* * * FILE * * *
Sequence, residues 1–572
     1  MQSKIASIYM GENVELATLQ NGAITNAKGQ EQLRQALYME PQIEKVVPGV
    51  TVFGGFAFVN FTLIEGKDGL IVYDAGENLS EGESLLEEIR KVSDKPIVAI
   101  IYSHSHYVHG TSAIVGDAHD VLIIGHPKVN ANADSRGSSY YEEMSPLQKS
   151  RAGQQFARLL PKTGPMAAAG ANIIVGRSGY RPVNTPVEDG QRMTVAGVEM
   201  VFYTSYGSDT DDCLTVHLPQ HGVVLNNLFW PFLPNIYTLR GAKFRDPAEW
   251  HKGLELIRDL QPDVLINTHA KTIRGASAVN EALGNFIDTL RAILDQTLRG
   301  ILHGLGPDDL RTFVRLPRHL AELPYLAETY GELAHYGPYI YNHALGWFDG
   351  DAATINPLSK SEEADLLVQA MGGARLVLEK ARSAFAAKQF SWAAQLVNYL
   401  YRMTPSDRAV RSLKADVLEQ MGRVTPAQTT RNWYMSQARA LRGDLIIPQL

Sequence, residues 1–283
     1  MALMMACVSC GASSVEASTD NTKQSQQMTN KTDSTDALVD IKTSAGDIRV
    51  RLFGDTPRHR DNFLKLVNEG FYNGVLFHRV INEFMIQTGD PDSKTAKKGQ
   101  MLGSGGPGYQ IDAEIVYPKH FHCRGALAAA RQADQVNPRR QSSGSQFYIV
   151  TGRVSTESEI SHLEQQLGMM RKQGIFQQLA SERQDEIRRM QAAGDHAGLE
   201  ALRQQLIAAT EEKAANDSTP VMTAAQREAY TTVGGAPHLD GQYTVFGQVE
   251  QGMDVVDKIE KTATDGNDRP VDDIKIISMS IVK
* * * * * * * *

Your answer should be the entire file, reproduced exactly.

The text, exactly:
Sequence, residues 1–572
     1  MQSKIASIYM GENVELATLQ NGAITNAKGQ EQLRQALYME PQIEKVVPGV
    51  TVFGGFAFVN FTLIEGKDGL IVYDAGENLS EGESLLEEIR KVSDKPIVAI
   101  IYSHSHYVHG TSAIVGDAHD VLIIGHPKVN ANADSRGSSY YEEMSPLQKS
   151  RAGQQFARLL PKTGPMAAAG ANIIVGRSGY RPVNTPVEDG QRMTVAGVEM
   201  VFYTSYGSDT DDCLTVHLPQ HGVVLNNLFW PFLPNIYTLR GAKFRDPAEW
   251  HKGLELIRDL QPDVLINTHA KTIRGASAVN EALGNFIDTL RAILDQTLRG
   301  ILHGLGPDDL RTFVRLPRHL AELPYLAETY GELAHYGPYI YNHALGWFDG
   351  DAATINPLSK SEEADLLVQA MGGARLVLEK ARSAFAAKQF SWAAQLVNYL
   401  YRMTPSDRAV RSLKADVLEQ MGRVTPAQTT RNWYMSQARA LRGDLIIPQL

Sequence, residues 1–283
     1  MALMMACVSC GASSVEASTD NTKQSQQMTN KTDSTDALVD IKTSAGDIRV
    51  RLFGDTPRHR DNFLKLVNEG FYNGVLFHRV INEFMIQTGD PDSKTAKKGQ
   101  MLGSGGPGYQ IDAEIVYPKH FHCRGALAAA RQADQVNPRR QSSGSQFYIV
   151  TGRVSTESEI SHLEQQLGMM RKQGIFQQLA SERQDEIRRM QAAGDHAGLE
   201  ALRQQLIAAT EEKAANDSTP VMTAAQREAY TTVGGAPHLD GQYTVFGQVE
   251  QGMDVVDKIE KTATDGNDRP VDDIKIISMS IVK